The Native Web is finally here

People typically believe that native offers lots of benefits over the web – fast, responsive, accessible, animated. Sound familiar? For a long time this was actually true. But not so much now.

By Jason Petersen, Senior Developer at Digital Detox In Journal, Dev

Progressive Web Apps, or PWAs, have become the talk of the tech industry as a ‘native killer’, especially over the last couple of months. A bold claim – or at least that’s what I first thought. If you’re thinking the same then keep reading as we’ll unpack the innovations pioneering the evolution of what some are calling “the native web”.

Looking into PWAs, I found them to be web apps that use a specific set of technologies, some old some new, to deliver a user experience comparable to native. The definition seems simple enough. But exactly what does it mean for the web to be more like native?

Add to homescreen

Native apps have always been preferred over the web because of two key benefits, namely user re-engagement and user experience – though perhaps the latter to a lesser extent.

It only takes a touch of that icon on the homescreen to launch your app. But for the web there’s always been bit of dodging, ducking, dipping and diving to load that web page as you navigate through your ‘native’ browser, your tabs, the search bar and it goes on (yes, this might sound just like dodgeball as you may instead get hit with an offline page, but that’s a chat for later).

But this is no longer the case. With a simple addition of a new configuration file you can now add web pages direct to your homescreen, making them just as quick to re-engage users as native. One small caveat though – users still have to visit the site in the first place. But you could argue just as readily that users still have to go to the app store to download a native app. Case closed.

Talking to your users

Commercial businesses need direct access to consumers to survive and thrive for everything from user acquisition and initial engagement to all future interactions. These businesses use native apps to send push notifications to communicate personalised or generic alerts, promotions, reminders, and updates with almost immediate effect.

When users interact with push notifications on their device, whether from the lock screen or notification centre, they’re taken straight to the app and the content the business wants them to see. The web has been missing this tech for a long time and without native apps to help, businesses have had to resort to lesser communications like online marketing, emails and tedious phone calls. People are all too familiar with these tactics and so they’re often ignored with hundreds, if not thousands or millions of pounds wasted. That was the case, at least, until Google, Samsung and Mozilla and a few others spearheaded efforts to bring this tech to the web – by introducing service workers.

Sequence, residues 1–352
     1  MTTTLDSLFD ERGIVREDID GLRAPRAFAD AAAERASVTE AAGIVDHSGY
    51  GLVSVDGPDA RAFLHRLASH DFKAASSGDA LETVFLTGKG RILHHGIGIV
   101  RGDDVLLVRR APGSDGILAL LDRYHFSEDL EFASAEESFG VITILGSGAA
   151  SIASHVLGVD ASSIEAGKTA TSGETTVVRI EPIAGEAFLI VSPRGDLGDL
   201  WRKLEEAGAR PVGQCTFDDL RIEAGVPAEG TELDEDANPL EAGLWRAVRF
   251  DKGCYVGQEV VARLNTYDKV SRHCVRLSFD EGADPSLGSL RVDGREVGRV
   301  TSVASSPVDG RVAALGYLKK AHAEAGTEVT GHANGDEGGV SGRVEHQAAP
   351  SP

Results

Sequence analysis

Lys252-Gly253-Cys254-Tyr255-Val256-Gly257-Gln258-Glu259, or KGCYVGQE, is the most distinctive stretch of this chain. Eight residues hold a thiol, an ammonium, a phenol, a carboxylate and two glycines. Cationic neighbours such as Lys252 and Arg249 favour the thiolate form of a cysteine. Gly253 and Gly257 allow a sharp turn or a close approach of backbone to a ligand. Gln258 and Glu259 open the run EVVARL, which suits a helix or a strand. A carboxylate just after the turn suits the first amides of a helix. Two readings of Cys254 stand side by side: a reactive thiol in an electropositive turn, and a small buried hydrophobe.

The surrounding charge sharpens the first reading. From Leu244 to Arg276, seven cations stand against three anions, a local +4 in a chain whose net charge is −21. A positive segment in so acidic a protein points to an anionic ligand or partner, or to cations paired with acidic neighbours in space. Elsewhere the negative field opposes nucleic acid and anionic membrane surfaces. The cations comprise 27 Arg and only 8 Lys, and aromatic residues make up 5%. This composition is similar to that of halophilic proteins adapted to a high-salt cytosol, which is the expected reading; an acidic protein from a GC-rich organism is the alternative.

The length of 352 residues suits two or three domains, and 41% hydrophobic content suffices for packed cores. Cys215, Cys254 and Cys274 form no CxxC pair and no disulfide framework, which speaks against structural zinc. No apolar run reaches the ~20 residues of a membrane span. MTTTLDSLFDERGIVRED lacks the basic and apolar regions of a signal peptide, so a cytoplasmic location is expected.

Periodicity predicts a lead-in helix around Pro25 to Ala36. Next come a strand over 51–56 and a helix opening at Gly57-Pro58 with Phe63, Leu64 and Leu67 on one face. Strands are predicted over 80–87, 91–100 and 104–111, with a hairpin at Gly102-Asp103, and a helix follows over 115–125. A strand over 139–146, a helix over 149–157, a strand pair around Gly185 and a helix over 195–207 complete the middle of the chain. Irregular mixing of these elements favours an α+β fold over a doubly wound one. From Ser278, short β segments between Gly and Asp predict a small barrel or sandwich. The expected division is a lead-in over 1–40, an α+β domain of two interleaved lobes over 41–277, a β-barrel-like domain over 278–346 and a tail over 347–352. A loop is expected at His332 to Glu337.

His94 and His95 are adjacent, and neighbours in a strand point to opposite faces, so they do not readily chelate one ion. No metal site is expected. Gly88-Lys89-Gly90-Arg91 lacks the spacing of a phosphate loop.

Service workers are special in that they can run in the background irrespective of whether the browser is open or closed. This ability to run behind the scenes make it possible to stay connected to a push service that allow businesses to send notifications straight to a user’s device at any time either manually or automatically, much like they can with native – with their permission ofcourse.

Offline first

Native has most of the files it needs to run the app when the user first installs it on their device – except where more information is needed from the network. Web resources, however, have to be downloaded when the user visits the web page. Even then the user must still be online if they refresh the page, or perform an action that requires further communication with the network. There’s nothing worse than clicking a ‘Continue’ prompt only for the website to reload with the painful sight of the browser’s default offline page, ruthlessly coercing you to stop whatever it is you were doing, to abandon the cause, to realise it was all a waste of time. Better luck next time – if you stay connected to the internet long enough.

For some native apps the transition from online to offline can be seamless and users can often complete their task unhindered. Unlike a browser you don’t have a default ‘no internet connection’ page, which forces native designers and developers to present a user-friendly alternative – a courtesy that has never been possible for web users until now. Service workers also possess other remarkable talents, like the capability to control network responses. It’s with this concept that first steps can be taken to take control of the user’s offline experience and deliver something they can benefit from – this is ‘offline first’.

During installation service workers would typically cache the resources they need for the page in question to perform as intended. This ensures those same assets can be used when the user returns to the site, whether they’re online or offline – potentially saving the user the time it would take them to download it again and the data it would cost them to do so.

Final thoughts

As you might have imagined service workers are not the only shiny new piece of tech at play here. If you’re a developer there are a few concepts and functionalities to wrap your head around before getting hands on with your first PWA.

You’re better off following Google’s Progressive Web Apps Training online if you’re especially new to this space. And next time someone says native is better than the web, go forth and set the record straight with the full force of your new found knowledge – or even better, point them to read this article. Spread the word that the time of the native web is upon on us.

Further reading

Take a look at Service Worker – first draft published by Jake Archibald back in May 2014.

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